Judy Huth's Lawsuit Against Bill Cosby Goes to Trial
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Bill Cosby Is on Trial for Allegedly Sexually Assaulting a Teenage Girl in the 1970s — What to Know About the Civil Lawsuit

 
Bill Cosby speaks to reporters outside of his home on June 30, 2021 in Cheltenham, Pennsylvania. Bill Cosby was released from prison after court overturns his sex assault conviction. (Photo by Michael Abbott/Getty Images)

Bill Cosby speaks to reporters outside of his home on June 30, 2021 in Cheltenham, Pennsylvania. Bill Cosby was released from prison after court overturns his sex assault conviction.

Jury selection began Tuesday in a California civil lawsuit against actor and comedian Bill Cosby for allegedly sexually assaulting a teenage girl at the Playboy Mansion in the 1970s.

Cosby has been publicly accused of sexual misconduct by at least 60 women. Huth’s lawsuit, however, is the first civil case against Cosby for sexual assault that has reached trial.

Who is the plaintiff and what are the allegations?

Plaintiff Judy Huth originally filed her case in 2014, but the case was put on hold while Cosby’s criminal case proceeded in Pennsylvania. Huth is now 64 years old; she claims that Cosby, now 84, groped her while the two were at the Playboy Mansion in Los Angeles, in 1974. Huth is now suing Cosby on claims of sexual battery, and both intentional and negligent infliction of emotional distress. Cosby has denied all the allegations.

According to the complaint, Huth and her 16-year-old friend had been walking through a park when they noticed a movie being filmed. Huth says that as she and her friend stopped, Cosby approached them and invited them to sit in a director’s chair while they chatted. Cosby is alleged to have invited both girls (who, at the time, were forthcoming about their true ages) to his local tennis club the following week. Huth says she and her friend took Cosby up on his invitation, and the next week, they played billiards with Cosby at the club. According to Huth, she “was required to consume a beer every time Cosby won a game of billiards.”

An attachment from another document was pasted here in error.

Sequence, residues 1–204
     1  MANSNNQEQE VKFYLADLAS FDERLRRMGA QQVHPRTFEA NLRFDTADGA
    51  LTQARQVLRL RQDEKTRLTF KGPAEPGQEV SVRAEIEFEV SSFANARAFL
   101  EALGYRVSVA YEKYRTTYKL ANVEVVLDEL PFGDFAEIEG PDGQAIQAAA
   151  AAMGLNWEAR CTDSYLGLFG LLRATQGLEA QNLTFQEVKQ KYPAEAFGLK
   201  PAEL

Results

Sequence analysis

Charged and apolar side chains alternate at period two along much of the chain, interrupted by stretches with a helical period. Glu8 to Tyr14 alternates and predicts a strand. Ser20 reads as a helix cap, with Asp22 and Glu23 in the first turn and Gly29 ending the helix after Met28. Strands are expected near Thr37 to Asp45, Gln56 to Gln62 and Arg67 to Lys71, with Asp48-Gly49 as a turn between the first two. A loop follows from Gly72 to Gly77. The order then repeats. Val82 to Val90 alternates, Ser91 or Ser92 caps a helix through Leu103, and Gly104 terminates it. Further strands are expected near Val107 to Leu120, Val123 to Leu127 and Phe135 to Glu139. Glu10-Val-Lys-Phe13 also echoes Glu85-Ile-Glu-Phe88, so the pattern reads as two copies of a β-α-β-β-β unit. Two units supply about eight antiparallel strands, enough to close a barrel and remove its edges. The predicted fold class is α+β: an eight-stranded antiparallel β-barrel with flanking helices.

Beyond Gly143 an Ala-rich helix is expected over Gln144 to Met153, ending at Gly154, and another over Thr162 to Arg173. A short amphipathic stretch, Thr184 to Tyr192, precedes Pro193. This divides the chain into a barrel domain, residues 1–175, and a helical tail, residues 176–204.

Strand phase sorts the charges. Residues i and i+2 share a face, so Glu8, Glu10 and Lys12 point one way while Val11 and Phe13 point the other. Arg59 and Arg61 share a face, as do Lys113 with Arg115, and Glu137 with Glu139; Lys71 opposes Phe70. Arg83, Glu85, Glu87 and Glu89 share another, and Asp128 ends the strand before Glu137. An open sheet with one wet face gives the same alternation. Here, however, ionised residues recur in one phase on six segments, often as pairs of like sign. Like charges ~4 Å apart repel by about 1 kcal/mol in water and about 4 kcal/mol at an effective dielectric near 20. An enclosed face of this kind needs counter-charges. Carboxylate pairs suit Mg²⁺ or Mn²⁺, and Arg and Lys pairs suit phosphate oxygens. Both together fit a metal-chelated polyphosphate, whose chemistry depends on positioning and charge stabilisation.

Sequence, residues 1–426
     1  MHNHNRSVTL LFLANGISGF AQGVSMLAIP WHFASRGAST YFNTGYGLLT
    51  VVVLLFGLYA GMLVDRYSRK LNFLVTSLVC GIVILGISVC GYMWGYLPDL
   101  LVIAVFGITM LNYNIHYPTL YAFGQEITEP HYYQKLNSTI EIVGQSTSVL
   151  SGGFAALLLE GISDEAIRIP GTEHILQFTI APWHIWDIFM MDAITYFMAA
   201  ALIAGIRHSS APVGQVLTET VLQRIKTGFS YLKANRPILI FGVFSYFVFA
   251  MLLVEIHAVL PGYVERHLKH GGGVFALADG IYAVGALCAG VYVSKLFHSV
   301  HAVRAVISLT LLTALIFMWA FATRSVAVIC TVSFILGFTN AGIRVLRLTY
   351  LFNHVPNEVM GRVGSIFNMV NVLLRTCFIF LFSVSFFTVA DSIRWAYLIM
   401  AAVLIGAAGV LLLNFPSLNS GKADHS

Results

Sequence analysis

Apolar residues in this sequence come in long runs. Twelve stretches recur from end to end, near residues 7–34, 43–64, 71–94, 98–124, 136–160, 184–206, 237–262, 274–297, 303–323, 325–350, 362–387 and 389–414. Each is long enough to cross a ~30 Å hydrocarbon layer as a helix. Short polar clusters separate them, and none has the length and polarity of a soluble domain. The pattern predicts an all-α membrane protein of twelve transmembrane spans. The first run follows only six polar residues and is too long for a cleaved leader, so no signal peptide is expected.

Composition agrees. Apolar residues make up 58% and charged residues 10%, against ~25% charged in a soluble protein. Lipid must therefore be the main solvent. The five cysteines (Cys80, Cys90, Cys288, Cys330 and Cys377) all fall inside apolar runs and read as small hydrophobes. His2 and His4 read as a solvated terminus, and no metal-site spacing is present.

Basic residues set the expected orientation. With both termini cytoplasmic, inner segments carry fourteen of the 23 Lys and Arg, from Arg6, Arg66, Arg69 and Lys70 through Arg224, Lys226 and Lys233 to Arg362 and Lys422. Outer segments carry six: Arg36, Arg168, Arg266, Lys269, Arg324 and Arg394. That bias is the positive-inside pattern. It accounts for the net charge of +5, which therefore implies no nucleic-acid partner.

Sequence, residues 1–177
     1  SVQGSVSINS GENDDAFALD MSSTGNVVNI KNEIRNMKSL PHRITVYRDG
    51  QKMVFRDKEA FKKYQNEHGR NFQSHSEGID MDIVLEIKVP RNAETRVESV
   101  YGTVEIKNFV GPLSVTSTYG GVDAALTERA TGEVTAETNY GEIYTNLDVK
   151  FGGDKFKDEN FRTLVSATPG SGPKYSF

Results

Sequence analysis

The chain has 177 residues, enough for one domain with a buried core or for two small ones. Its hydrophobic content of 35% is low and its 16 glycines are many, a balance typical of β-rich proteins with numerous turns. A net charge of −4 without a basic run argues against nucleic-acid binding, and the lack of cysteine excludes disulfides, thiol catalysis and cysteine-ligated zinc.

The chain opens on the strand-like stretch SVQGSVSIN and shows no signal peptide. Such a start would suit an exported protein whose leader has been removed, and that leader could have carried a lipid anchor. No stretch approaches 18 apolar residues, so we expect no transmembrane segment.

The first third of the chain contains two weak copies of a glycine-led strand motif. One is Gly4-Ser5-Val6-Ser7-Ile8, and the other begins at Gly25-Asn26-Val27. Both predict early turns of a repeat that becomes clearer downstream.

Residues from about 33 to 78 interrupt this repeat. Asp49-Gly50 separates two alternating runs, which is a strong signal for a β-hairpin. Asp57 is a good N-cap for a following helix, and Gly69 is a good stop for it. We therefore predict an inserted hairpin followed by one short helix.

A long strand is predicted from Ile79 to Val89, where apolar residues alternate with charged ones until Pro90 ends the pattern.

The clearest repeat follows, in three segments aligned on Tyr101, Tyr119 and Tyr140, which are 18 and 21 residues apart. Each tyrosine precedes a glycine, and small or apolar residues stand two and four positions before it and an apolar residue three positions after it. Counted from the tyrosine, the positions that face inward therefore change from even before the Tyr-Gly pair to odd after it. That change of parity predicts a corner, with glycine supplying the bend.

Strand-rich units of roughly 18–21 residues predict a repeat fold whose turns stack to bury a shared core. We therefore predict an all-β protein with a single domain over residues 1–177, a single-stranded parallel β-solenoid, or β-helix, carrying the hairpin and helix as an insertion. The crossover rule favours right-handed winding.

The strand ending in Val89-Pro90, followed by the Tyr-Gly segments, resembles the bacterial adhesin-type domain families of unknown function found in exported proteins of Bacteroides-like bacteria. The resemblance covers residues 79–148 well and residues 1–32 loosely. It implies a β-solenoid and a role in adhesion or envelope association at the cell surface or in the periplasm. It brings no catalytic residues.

“After the girls had been served multiple alcoholic beverages,” the complaint continued. “Cosby told them that he had a surprise for them.” Cosby is alleged to have then led the girls to the Playboy Mansion. According to Huth, Cosby told the two teens that “if any of the Playboy bunnies asked their age, they should say they were 19.” While at the Playboy Mansion, Huth says she returned from a trip to the bathroom to find Cosby sitting on a bed. Per the complaint:

He asked her to sit beside him. He then proceeded to sexually molest her by attempting to put his hand down her pants, and then taking her hand in his hand and performing a sex act on himself without her consent.

This traumatic incident, at such a tender age, has caused psychological damage and mental anguish for Plaintiff that has caused her significant problems throughout her life since the incident. As a direct and proximate result of the incident, she has suffered damages that are substantial and continuing.

Huth initially claimed that she was 15 when the alleged incident occurred, but she later amended her complaint to say that she had actually been 16 at the time.

Cosby has denied the allegations, but in court documents he admitted to socializing with Huth at the Playboy Mansion. Through counsel, Cosby has denied that Huth was a minor at the time.